The bronze plaque reads “Our Glorious Dead” along with a scripture from the King James Version of the Bible Ecclesiasticus 44:14: “Their bodies are buried in peace, but their name liveth for evermore.”
The memorial is surrounded by others dedicated to the Revolutionary War, World War II, Korean War, Vietnam and wars in Iraq and Afghanistan.
Not everyone is in favor of altering the World War I monument, however. Richard Gillespie, a respected local historian and educator, urges against alphabetizing the name.
“It is hard to find things that so blatantly show segregation and the impact of Jim Crow,” Gillespie said. “It’s a way for us to point out to people what happened, and I hope that we don’t have to point out to people that we no longer believe in that. But I hope we don’t change it, because it needs to still be there to remind us.”
He added, “The honor of these African Americans having served — and in a time of intense prejudice and discrimination against them — is clearly denoted in this 99-year-old memorial. Changing this sign most clearly would be changing — erasing — history.”
In January, the Board of Supervisors adopted the county Heritage Commission’s recommendations on making the courthouse grounds a better reflection of the county’s history. The recommendations include reserving space for a future interpretive “Path Toward Freedom,” possibly designing and installing additional memorials and facilitating community discussions about the future of the courthouse grounds.
Michelle Thomas, president of the NAACP Loudoun Branch, opposes keeping the World War I plaque as is. She stands against any “vestiges of hate and discrimination.”
“If the memorial’s purpose is to honor those who gave their lives, why would we include something that was dishonorable?” Thomas said. “That dividing line was dishonorable.”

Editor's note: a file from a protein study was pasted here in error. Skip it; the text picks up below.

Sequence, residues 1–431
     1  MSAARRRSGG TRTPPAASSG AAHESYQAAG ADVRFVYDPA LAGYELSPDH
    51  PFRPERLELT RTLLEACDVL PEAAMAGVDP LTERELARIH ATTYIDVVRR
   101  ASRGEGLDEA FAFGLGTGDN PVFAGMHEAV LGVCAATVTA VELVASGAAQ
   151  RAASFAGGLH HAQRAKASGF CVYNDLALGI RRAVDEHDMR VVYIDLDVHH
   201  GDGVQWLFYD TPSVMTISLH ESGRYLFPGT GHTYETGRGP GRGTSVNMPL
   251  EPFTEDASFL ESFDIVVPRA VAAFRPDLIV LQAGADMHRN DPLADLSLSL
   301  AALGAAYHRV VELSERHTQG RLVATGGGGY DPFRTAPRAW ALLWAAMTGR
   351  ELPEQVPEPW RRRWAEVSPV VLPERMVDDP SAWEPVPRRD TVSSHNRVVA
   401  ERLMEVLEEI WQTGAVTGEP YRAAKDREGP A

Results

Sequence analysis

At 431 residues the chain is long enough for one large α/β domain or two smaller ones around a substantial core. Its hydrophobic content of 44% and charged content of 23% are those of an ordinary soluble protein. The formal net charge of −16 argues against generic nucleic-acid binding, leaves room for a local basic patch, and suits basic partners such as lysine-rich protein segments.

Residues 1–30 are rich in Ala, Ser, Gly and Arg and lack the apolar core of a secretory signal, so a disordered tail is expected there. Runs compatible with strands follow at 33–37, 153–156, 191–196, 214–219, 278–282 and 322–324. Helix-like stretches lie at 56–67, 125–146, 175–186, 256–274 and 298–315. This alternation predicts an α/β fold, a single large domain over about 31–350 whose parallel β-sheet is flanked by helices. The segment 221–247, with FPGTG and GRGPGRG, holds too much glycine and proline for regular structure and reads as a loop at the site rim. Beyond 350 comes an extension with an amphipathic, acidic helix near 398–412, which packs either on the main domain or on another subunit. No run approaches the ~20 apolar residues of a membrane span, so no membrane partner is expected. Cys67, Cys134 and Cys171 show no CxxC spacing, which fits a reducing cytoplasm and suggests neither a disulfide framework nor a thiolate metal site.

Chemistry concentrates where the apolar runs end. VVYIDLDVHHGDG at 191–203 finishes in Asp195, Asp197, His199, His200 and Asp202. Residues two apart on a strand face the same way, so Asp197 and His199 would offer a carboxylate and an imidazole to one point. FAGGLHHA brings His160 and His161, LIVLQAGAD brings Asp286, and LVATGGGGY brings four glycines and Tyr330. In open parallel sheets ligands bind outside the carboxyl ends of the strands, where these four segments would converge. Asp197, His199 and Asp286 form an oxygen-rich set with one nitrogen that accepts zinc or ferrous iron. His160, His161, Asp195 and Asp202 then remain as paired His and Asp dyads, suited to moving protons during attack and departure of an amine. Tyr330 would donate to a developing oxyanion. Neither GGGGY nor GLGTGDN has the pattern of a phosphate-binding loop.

Supervisor Turner has garnered support for his initiative from the veterans community, including the Loudoun County VFW Post 1177, the American Legion Post 34 and Loudoun County Foreign War Memorial Trust Fund Advisory Committee.
Funds for a replacement plaque could come from veterans groups and be collected by the county into the War Memorial Trust Fund launched in 1986, according to county staff. As of July 31, the balance was more than $23,000.
Phil Rusciolelli, a member of the Loudoun County Foreign War Memorial Trust Fund Advisory Committee, supports altering the plaque. He noted one of the committee’s latest projects was installing lights on the war memorials, a way to enhance remembrance of the fallen service members.
“If you go past the memorials at night, the granite memorials light up. They reflect what our country is about — dedication of service people that have gone on and given everything for our freedoms that we have today,” Rusciolelli said. “And I think that in and of itself says why we need to fix that plaque, because it symbolizes freedom, so we need to ensure that it reflects freedom.”
Turner said the American Legion and VFW posts were unanimous in their support, reflecting their commitment to the meaning of America, “true patriotism” and serving the country in a fair and equitable way.
“We did this together as a group and as rational adults who saw an inequity and wanted it fixed,” Turner said. “This is a Republican, Democratic, Independent issue that we all agree needs to change, and so we were pleased with that outcome and the way we handled it.”